Daniel McKemie: Maximalism – Volume 3
Maximalism is a series of recordings and essays that deal with the multidimensional properties of recorded sound within the context of modern compositional aesthetics. It is the author's attempt to make sense of the current state of things, to speculate upon where we may be heading next, and to consider why this aesthetic direction may be of some inherent value.
Positioning the frequency domain along the y-axis is arguably the simplest and historically-embedded axis to determinately control. The pitch-centric foundations of Western notation lends itself perfectly to this concept. In electronic music, a single sound source as simple as a sine tone can be swept along this axis seamlessly and with a high degree of specificity. Traditional western music focuses on the use of predetermined gradations of the frequency spectrum, ie. or pitch, in a functional manner. Harmonic motion like ii-V-I and I-IV-V have worked for hundreds of years, and are still effective in the structural development of tonal music. There are also alternative tuning systems informed by non-western musics and mathematical thought.
Twelve-tone and serial music democratized the pitch field, microtonal music divided the octave beyond the Western 12 pitches, spectral music used frequency analyses of timbre to inform pitch content, and electronic music represents a completely a breadth of sonic practices with no particular reverence.
Karlheinz Stockhausen applied serial techniques to electronic music, a significant move, but an even more important exploration was the use of reverb. Beginning in his earliest works Studies I & II, by using only sine tones and space he created an incredibly rich tapestry of frequencies using only the most focused timbral element. One striking feature of these works is the use of space to expand the y-axis. The focus was not so much about the frequency of the sine tone by itself on tape, but the combination of tones created when reverb was introduced. This is easily replicated with current technology by taking a test tone, routing it through any reverberation module, and increasing the amount of reverb; one begins to hear a growth of sum and difference tones relative to the effect. In the 1950s this was done using physical spaces, and can now be done with even the simplest audio plugins or hardware processors. The details of a space, real or imaginary, can be defined to make even the simplest of sounds have a much more prominent presence in the frequency domain. This can be moved to the physical space through the use of devices like spring and plate reverb units as well as multichannel playback using a variety of approaches to speaker placement. While space is potentially quite modular in this regard, the most modular piece of this particular sonic puzzle is the listener and their position in said space.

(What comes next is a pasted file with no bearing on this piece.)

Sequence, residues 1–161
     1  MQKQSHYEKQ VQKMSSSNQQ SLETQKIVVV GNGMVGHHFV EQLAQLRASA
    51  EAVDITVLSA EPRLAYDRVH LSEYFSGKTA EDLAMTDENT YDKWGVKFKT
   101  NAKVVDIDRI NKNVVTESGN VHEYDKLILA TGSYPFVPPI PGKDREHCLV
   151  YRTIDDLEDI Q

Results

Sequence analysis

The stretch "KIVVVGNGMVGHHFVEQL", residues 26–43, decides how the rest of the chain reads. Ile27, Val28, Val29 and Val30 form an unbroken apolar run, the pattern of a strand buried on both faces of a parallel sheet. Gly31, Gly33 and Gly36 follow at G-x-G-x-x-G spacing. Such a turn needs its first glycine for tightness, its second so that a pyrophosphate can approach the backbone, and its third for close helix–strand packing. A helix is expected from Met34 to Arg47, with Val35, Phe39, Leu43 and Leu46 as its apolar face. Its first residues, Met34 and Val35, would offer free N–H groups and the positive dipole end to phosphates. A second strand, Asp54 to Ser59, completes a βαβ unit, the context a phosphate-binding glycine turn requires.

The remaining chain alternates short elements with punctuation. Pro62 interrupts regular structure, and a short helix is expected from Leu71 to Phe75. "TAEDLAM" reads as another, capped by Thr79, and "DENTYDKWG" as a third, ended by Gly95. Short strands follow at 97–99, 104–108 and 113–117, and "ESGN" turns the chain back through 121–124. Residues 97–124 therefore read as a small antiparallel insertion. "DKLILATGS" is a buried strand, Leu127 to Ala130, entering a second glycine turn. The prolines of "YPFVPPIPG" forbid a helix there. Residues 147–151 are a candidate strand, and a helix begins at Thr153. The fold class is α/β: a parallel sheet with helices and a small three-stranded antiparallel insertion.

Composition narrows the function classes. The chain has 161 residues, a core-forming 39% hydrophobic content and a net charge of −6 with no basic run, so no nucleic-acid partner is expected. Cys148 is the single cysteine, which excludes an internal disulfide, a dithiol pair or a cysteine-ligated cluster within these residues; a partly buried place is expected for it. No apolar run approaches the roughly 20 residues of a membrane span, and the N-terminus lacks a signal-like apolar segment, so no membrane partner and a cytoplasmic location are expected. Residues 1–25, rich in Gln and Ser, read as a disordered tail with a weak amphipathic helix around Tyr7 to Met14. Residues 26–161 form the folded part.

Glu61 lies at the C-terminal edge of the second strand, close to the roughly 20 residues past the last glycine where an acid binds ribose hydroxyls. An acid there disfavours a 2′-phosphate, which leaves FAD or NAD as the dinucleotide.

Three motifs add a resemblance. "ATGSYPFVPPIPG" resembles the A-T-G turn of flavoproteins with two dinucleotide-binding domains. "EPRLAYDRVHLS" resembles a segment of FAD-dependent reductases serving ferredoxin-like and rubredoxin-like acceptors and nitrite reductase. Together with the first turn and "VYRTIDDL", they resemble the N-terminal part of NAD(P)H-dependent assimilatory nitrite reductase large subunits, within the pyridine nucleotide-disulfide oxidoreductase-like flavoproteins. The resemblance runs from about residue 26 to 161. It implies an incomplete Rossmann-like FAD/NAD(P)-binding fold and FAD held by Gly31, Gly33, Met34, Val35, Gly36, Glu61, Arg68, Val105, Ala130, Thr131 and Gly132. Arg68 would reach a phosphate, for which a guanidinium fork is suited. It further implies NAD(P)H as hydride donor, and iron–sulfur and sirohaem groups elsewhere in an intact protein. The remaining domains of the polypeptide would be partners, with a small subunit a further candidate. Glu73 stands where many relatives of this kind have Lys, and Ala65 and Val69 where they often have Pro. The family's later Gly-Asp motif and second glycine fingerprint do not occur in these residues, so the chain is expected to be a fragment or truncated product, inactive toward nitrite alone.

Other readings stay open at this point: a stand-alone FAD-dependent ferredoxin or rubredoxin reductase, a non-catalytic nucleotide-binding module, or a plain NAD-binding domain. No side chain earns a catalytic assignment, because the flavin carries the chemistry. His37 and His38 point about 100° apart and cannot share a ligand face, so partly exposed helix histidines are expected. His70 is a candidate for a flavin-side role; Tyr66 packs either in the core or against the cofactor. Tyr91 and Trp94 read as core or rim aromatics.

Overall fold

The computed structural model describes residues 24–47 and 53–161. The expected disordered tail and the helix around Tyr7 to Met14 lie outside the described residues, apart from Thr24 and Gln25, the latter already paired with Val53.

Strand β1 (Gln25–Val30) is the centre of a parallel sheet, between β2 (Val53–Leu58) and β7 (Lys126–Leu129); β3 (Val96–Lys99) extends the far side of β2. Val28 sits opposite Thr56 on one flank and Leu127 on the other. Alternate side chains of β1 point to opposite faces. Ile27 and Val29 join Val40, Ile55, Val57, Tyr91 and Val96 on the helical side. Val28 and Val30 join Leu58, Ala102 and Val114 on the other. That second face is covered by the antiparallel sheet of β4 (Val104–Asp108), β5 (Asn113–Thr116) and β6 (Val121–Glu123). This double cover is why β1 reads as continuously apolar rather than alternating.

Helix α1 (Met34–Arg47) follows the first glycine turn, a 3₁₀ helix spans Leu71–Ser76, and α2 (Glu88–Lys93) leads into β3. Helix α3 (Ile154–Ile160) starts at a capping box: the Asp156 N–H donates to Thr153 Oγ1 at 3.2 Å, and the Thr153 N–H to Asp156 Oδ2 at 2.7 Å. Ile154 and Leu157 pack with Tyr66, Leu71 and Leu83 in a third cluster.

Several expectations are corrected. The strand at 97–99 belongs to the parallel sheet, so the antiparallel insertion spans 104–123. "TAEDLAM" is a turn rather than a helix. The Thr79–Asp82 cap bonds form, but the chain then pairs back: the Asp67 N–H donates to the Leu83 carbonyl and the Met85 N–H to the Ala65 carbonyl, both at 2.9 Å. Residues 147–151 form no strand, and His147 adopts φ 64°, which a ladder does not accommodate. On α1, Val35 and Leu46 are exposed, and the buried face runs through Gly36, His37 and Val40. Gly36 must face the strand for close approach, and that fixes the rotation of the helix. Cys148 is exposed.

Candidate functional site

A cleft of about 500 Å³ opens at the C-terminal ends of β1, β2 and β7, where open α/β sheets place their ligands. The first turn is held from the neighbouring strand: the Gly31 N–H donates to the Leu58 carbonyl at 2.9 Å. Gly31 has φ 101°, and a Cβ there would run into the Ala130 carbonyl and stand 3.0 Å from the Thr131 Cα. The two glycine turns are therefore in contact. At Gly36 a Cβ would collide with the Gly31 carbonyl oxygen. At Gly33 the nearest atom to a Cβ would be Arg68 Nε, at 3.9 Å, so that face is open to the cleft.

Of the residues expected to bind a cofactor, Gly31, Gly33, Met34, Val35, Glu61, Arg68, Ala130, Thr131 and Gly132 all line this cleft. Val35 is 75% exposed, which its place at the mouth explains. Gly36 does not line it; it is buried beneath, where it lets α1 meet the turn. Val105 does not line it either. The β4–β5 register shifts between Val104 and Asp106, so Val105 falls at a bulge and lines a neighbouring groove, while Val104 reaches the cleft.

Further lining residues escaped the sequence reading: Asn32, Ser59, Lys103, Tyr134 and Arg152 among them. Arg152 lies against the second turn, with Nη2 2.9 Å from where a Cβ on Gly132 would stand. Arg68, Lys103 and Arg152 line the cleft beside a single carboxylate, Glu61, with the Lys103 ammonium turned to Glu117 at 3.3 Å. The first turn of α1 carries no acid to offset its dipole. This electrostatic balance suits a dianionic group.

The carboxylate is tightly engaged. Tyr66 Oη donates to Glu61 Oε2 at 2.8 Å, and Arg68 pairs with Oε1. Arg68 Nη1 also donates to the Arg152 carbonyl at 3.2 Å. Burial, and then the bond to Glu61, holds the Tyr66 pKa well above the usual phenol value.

Refraction is the deflection and changes to speed of sound waves based on how it travels through and around mediums of varying density. This also applies to light, radio, and electromagnetic waves, and to this end, something like an aquarium showcases this phenomenon quite clearly. The angle at which the viewer peers into the tank can drastically change the general appearance of the objects inside and distort one’s perception of their location in the three-dimensional space. As a sound in the tank is represented by a cube, the characteristics of that sound may change based on the position of the listener.
If any barriers exist between the sound source and the listener, selected frequencies may be filtered and/or amplified. If the listener moves to a different location in the space, the sound may reflect off of a different surface, enabling different areas of the spectra to be filtered and amplified. Depending on the sonic qualities of the sound source, pure feedback for example, simply turning one’s head can cause quite drastic shifts in what frequencies are perceived by the listener.
The y-axis as a descriptor of some sonic entity can expand beyond pitch or frequency information and into the physical space. But how does one replicate or realize these spaces outside of the recording? These spatial characteristics could inform the sound material itself, be it frequency or timbre. A common approach is to process the audio using spatialization and reverb after the music has been written, effectively repositioning two-dimensional audio into a three-dimensional space. A proposed idea is to use multiple processing units for space versus one room that is defined at the end of the chain, and also to plan these spaces first before constructing any audio material. In other words, writing for or into the space, albeit an imaginary space generated by software and/or hardware. This requires the development of a space, or spaces, and that although these spaces may change over time in some (in)determinate way, this space template of sorts will likely have an impact on the creation and realization of the audio content for the piece. This is one way out of many to explore the y-axis without focusing on frequency alone.